Updated May 28, 2020 - Politics & Policy

Texas Supreme Court blocks mail-in expansion to all voters

Employees and volunteers of the Franklin County Board of Elections sort through, and de-stub both mail in ballots and provisional ballots on April 28, 2020 in Columbus, Ohio

Photo: Matthew Hatcher/Getty Images

The Texas Supreme Court ruled on Wednesday that "a voter's lack of immunity to COVID-19" doesn't qualify them to apply for a mail-in ballot because it's "not a 'disability' as defined by the Election Code."

Details: The court denied the request of the state's Republican attorney general to stop local election officials from sending vote-by-mail ballots because a voter's lack of immunity to the coronavirus does not constitute a disability. The judges were confident clerks "will comply with the law in good faith."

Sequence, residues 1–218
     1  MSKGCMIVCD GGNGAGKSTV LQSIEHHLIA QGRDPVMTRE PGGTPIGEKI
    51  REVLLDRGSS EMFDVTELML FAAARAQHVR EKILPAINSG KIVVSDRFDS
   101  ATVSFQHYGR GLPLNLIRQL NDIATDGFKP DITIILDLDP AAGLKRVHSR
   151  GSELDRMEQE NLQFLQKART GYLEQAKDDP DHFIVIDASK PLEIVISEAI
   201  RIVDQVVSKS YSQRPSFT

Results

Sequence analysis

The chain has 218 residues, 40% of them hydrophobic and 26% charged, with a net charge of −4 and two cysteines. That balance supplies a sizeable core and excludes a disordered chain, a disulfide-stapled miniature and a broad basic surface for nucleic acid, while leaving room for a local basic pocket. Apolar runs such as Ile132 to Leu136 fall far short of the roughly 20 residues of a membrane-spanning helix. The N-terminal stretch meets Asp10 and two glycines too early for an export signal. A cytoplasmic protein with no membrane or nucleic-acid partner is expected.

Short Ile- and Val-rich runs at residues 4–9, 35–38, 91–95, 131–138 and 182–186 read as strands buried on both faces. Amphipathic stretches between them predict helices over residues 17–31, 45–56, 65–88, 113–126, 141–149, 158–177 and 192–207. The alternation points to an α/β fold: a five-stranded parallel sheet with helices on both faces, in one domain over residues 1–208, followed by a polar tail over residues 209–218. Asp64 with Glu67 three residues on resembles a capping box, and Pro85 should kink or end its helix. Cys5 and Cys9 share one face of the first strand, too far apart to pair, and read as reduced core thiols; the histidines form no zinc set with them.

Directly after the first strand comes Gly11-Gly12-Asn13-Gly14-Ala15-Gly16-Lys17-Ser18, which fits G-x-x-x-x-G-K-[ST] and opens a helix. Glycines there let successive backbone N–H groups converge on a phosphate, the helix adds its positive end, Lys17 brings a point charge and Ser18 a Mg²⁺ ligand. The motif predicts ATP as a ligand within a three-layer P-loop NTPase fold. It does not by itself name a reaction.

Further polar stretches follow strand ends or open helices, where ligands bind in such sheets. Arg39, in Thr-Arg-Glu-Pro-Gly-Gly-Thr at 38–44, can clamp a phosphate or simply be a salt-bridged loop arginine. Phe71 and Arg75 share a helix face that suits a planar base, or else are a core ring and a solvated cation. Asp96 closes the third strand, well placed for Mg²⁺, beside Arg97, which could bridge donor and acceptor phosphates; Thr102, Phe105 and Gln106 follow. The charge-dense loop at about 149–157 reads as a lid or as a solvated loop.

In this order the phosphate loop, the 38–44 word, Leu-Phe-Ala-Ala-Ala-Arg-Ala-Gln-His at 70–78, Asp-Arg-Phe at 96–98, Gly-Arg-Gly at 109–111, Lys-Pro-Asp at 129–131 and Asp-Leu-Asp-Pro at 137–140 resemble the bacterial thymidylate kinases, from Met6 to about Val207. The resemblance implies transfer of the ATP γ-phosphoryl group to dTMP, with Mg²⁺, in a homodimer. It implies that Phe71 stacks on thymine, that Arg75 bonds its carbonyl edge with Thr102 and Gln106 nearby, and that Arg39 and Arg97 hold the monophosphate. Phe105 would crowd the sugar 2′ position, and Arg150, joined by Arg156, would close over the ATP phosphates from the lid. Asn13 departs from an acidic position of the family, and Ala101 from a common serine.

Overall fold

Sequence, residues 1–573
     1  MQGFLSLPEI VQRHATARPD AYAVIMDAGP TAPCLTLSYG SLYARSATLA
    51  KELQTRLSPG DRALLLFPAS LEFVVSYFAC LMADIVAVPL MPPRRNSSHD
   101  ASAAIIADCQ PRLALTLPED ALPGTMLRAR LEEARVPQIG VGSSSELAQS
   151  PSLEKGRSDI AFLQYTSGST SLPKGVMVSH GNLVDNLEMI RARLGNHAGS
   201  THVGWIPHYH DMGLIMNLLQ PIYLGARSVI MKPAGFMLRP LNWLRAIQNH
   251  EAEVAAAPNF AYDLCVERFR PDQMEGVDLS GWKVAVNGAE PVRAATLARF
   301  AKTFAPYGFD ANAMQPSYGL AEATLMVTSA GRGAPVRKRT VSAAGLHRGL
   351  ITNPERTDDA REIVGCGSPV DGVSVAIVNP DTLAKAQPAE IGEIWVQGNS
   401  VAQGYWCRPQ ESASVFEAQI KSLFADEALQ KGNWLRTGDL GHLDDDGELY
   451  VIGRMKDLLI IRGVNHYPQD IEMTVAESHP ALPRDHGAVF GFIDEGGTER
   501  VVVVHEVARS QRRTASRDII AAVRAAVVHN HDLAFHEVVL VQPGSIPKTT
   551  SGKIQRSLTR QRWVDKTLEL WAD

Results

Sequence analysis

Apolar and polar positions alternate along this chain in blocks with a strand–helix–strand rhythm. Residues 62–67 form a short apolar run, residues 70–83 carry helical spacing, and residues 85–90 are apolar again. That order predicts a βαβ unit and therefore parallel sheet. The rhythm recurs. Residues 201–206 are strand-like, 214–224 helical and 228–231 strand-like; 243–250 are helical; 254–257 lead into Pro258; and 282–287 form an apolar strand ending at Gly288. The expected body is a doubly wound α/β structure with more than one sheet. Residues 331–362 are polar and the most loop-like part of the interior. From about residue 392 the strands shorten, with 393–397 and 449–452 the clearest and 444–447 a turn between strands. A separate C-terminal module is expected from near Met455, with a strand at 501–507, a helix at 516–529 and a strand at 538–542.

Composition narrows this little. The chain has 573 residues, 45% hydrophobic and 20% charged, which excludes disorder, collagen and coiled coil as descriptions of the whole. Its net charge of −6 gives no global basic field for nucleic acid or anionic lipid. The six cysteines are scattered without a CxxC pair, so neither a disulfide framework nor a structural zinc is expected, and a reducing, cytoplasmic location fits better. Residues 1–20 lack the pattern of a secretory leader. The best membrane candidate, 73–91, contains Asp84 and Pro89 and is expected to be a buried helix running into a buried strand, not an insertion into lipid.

What they're saying: President Trump reacted to the decision on Wednesday night by tweeting, "Big win in Texas on the dangerous Mail In Voting Scam!"

  • The Texas Democratic Party said in a statement that unless the federal court intervenes, "voters will have to either risk standing in line and contracting the coronavirus or they'll risk prosecution" by the state attorney general "for simply requesting a mail-in-ballot."

The big picture: A lower court ruled earlier this month that absentee voting could be expanded to all 16 million Texas voters in the July elections.

  • Trump and some in the Republican Party are pushing back on several states' attempts to introduce early voting options in response to the pandemic.
  • Mail-in voting is "more vulnerable to fraud than voting in person," but it's still rare — as are all forms of voter fraud in the U.S., the New York Times notes.

Editor's note: This article has been updated with comments by Trump and the Democrats.

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